When Hillary Clinton claimed last week that Barack Obama was having trouble getting the votes of “hard working Americans, white Americans,” much speculation ensued about whether she was intentionally exploiting classic racist beliefs about the supposed laziness of African Americans.

My view is that Clinton isn’t as gifted a politician as her husband, so this apparent appeal to the kind of racist populism that fueled the careers of demagogues such as former Alabama Gov. George Wallace may have well been a verbal slip (if Bill had said something like that you can be sure it wouldn’t have been by accident).

In the end it really doesn’t matter much. A mistake people make about racism is to think it’s primarily a personal flaw that some people have and others don’t, as opposed to something that distorts our society at a structural level, whatever particular individuals may believe or say.

One of the easiest places to see this is in the sports world, where certain racial cliches and stereotypes get expressed in relatively unselfconscious ways. These stereotypes reflect the sort of language we are now seeing from Clinton and her advisers, about “blue-collar” voters.

Just as in Clinton’s special political language, in the world of sports “blue-collar” is a code word for “white.” A bunch of other terms — “gritty,” “gutty,” “hard-nosed,” “lunch-bucket ethic,” and of course “intelligent” — work in the same fashion.

The idea is that white players must overcome their lack of God-given athletic talent (which is apparently conceptualized as God’s version of affirmative action for black players) through good moral character, and in particular the classic Puritan virtue of hard work.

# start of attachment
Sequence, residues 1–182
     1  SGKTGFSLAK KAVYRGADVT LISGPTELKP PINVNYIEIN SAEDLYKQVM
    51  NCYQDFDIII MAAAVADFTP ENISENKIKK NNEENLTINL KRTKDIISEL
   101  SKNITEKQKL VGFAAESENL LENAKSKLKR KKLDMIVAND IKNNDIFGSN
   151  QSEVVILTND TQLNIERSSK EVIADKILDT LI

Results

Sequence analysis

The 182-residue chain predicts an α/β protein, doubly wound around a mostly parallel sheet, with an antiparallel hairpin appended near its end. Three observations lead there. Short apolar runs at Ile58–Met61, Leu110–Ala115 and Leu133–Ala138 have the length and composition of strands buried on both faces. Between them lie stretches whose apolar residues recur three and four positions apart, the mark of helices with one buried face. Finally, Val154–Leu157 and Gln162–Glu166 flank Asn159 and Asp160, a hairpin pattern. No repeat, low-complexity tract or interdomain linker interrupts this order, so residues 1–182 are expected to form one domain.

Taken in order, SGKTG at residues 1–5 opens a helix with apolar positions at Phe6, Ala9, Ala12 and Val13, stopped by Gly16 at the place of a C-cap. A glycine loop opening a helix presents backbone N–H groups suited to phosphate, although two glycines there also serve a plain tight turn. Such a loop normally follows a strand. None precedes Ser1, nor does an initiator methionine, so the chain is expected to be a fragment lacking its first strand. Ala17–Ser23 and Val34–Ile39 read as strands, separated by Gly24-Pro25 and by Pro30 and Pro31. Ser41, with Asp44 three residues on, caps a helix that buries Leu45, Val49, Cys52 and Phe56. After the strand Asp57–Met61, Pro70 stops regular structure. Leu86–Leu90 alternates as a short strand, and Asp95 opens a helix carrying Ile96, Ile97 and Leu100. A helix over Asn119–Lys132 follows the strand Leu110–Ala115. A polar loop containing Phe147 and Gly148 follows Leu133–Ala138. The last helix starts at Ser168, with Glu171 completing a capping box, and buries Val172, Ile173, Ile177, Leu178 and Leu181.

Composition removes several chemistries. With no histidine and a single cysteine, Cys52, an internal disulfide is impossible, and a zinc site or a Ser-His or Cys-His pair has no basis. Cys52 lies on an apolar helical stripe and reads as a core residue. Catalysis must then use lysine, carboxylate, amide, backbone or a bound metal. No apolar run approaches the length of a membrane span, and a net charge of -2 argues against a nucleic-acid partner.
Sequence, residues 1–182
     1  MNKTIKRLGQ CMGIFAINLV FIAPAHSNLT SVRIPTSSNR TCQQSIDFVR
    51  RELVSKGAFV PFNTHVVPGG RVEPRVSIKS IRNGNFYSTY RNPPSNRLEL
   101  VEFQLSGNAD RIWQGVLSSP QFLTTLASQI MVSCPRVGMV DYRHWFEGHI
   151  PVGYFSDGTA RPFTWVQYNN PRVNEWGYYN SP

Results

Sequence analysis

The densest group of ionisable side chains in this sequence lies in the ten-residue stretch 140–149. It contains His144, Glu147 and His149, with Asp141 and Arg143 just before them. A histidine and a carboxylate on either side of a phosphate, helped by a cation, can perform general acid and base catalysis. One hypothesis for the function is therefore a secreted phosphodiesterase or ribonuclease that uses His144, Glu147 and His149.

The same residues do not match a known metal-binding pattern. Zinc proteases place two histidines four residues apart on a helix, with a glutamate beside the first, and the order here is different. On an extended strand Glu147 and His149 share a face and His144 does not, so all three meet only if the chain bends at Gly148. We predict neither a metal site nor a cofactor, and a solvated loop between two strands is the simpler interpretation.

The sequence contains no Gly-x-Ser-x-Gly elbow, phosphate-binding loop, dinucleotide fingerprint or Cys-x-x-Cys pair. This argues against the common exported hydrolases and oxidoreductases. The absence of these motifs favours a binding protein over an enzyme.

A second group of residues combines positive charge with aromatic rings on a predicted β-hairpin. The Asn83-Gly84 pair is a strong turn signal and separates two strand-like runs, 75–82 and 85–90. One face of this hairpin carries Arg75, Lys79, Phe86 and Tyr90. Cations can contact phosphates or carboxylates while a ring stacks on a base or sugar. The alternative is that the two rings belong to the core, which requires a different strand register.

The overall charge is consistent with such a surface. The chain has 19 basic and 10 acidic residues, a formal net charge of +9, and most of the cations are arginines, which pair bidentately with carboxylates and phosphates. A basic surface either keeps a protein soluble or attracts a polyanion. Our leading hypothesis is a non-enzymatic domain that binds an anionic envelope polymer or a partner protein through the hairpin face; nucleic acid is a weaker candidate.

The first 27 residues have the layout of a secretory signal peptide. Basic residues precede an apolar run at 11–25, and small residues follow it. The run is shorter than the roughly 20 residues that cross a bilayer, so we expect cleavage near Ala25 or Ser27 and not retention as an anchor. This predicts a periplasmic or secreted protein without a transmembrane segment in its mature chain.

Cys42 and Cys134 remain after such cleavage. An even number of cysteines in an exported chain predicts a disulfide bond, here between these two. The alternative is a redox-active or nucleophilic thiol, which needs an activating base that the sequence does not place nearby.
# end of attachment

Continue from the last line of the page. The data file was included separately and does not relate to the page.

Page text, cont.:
In recent years, these cliches have been noted often enough that more sophisticated media figures have become aware of them, and will try to avoid them, just as savvy white politicians have come to realize it’s not a good idea to refer to people like Barack Obama as “articulate.”

Nevertheless these patterns of thinking are so ingrained that they continue to appear in amusing if ultimately disturbing ways. Consider this evaluation of a couple of football players just chosen in the NFL draft.

Draft Countdown, one of the most popular NFL draft evaluation sites on the Internet, provides critiques of college football players for the purpose of judging their professional prospects. The site lists what NFL talent scouts call a player’s “measurables,” the most important of which is his speed in an electronically timed 40-yard dash, and his weight (Generally speaking, the bigger and faster the player, the better the player’s prospects, although “measurables” don’t include “intangibles” like gritty, gutty, blue-collar leadership skills).

Here is the site’s evaluation of the strengths and weaknesses of two players. Each is listed by the site as running the 40 in 4.55 seconds. One weighs 212 pounds; the other weighs 211. Both play the same position (safety).

Player A’s strengths include “excellent athleticism” and “great timed speed.” His weaknesses include “technique and footwork” (i.e., things that can be improved through hard work and practice).

Player B’s strengths include being “a hard worker and team leader with excellent intangibles.” He is described as “smart” and “tough as nails.” His weaknesses are said to be that he “is not a great athlete” and “does not have great timed speed.”

Given the foregoing information, any sports fan with half a brain will be able to say with something close to absolute certainty that Player A (Kevin Phillips) is black, and Player B (Tom Zbikowski) is white.

From a social perspective, the evaluation of college football players may seem like a trivial thing. But the same cultural forces that almost automatically depict Tom Zbikowski as a gritty, gutty, hardworking, blue-collar team leader, and Kevin Phillips as a great natural athlete who could benefit from working a little harder, have far more important effects.

Just ask Barack Obama and Hillary Clinton.

(Paul Campos is a law professor at the University of Colorado and can be reached at Paul.Campos(at)Colorado.edu.)

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